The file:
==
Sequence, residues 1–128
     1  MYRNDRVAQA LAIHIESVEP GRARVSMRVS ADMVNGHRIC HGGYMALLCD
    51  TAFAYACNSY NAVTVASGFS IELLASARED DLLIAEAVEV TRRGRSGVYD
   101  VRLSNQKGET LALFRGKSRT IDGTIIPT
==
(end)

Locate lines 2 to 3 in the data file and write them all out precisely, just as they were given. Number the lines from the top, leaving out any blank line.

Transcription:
     1  MYRNDRVAQA LAIHIESVEP GRARVSMRVS ADMVNGHRIC HGGYMALLCD
    51  TAFAYACNSY NAVTVASGFS IELLASARED DLLIAEAVEV TRRGRSGVYD